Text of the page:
And (probably because I am the sort of person who likes to have a go at things herself) I am in this issue.

Handmade Living feature

There I am. Hello you.

Blogging (and micro-blogging on Twitter) may give you the impression that I am a bubbly extrovert person, but I am not. I am quiet, introvert and only truly relaxed when in a small group of friends. I am never very comfortable talking about myself – and giving the interview to Handmade Living was really difficult for that very reason. Like pulling teeth, I tell you. Luckily, the journalist was very patient and kept loping me some very good questions that made me relax and open up.

So, if you have arrived here thanks to Handmade Living: hello!

It is a funny old world. One day a girl may be in the depths of despair as her world tilts on its axis, then she decides to “make a go of things” out of sheer bloody-minded determination and a few years down the line, magazines ask her questions about herself as though she was somehow special or interesting. Yes, it is a funny old world.

Dust From A Distant Sun

March 2011 152What a lovely day.

The postman brought me the April issue of UK knitting magazine Let’s Knit in which I appear. Elaine from the editorial team contacted me back in January and after my busy few months I had actually forgotten I was going to be featured. A nice surprise. I spent an hour in bed looking through the magazine. I particularly liked the editorial on how to tie knitting into the key fashion trends of the season. Sometimes I think knitting likes to live in its own little fashion-bubble so it was nice to see how knitters can relate to, ahem, the normal world.

The postman also brought me some clearance-priced yarn from Kemps (that place is responsible for about half my yarn stash, I swear). I stocked up on RYC Cotton Jeans for some forth-coming baby-knitting projects as well as some RYC Natural Silk Aran which is earmarked for a stashbusting project. Lovely textures and colours at a good price. I was chuffed.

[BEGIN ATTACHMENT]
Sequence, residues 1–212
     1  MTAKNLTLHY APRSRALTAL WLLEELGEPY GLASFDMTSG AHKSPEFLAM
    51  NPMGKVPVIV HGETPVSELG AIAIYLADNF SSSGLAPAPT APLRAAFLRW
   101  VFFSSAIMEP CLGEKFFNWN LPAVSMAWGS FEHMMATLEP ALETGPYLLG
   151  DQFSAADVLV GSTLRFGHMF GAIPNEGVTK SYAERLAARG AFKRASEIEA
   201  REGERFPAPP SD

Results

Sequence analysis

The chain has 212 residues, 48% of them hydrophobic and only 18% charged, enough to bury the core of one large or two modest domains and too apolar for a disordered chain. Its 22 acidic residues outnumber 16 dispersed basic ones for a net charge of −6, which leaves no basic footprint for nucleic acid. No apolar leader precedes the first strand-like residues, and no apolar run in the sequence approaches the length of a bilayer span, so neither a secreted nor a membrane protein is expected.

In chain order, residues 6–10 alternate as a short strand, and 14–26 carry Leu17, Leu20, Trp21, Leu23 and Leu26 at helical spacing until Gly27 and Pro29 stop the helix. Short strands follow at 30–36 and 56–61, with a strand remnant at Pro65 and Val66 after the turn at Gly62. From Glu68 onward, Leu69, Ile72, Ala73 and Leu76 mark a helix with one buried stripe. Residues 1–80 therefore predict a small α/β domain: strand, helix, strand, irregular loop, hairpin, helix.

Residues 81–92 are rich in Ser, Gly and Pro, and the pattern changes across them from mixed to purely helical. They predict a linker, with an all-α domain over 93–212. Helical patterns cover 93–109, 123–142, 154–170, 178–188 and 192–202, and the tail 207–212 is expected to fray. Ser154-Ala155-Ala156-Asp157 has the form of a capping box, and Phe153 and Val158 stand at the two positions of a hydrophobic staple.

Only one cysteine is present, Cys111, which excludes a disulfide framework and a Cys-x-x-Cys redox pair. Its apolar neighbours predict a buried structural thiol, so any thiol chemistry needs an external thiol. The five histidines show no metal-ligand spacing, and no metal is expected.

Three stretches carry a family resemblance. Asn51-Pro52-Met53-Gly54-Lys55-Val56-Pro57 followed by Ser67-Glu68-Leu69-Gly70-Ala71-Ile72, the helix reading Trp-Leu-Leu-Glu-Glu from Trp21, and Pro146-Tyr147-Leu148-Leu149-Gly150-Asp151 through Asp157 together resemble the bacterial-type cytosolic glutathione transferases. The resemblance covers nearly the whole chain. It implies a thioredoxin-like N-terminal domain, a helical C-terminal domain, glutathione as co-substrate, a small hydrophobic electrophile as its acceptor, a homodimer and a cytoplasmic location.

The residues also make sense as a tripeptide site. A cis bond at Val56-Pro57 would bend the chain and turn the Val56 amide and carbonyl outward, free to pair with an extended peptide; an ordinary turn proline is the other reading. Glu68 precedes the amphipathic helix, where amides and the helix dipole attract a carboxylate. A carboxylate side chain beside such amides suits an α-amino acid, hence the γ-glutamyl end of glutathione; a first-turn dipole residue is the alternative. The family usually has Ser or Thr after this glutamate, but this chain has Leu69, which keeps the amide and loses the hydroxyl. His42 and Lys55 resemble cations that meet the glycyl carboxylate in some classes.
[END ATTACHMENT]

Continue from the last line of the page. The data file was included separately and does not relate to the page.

March 2011 153I continue to be chuffed about my Fancy jumper too. The combination of an Estonian lace stitch and Kidsilk Haze = heady stuff.

The stitch pattern is now so intuitive that I can knit it on my commute, at knitting group and in front of the TV. Madness. I’m really enjoying working on it.

I am still worried about the sizing though. I have gone down a clothes size but it still looks very wide. As a result I’m changing the garment a tiny bit: the jumper is supposed to hit you around the lower hip-area, but I’m going to make it shorter so it has an almost cropped appearance and I’m going to shorten the sleeves too. Hopefully it’ll sort out the dimensions. I still wonder if it weren’t meant to be knitted on 3.5mm needles instead of the recommended 4.5mm?

March 2011 137 I want to share a project made by a friend from my knitting group. I was lucky enough to see this crochet blanket in person earlier this week and I was blown away.

It really makes me want to sit down and make my own crochet blanket .. but that way madness and stash-enhancement lies.

Plus I’d go slightly nuts after the first twenty motifs.

March 2011 139My main knitting group is actually so big that it has several divisions: I met the blanket maker when I happened upon the South Side division at the Tramway. I was only there to take down my knitted sculpture but was very, very pleased to see so many familiar and lovely faces. My partner was on hand to help me and was so amused by what he called “a tribal encounter” that he had to take a photo..

.. I have no idea what he means!

Finally, get yourself ready for Knitting & Crochet Blog Week 2011! I participated last year and found some new favourite blog reads. I’m in two minds whether I will participate this year (time constraints plus I feel like I have already written about some of these topics) but I know I’ll be reading a tonne of fabulous new blog posts as a result of K&CBW.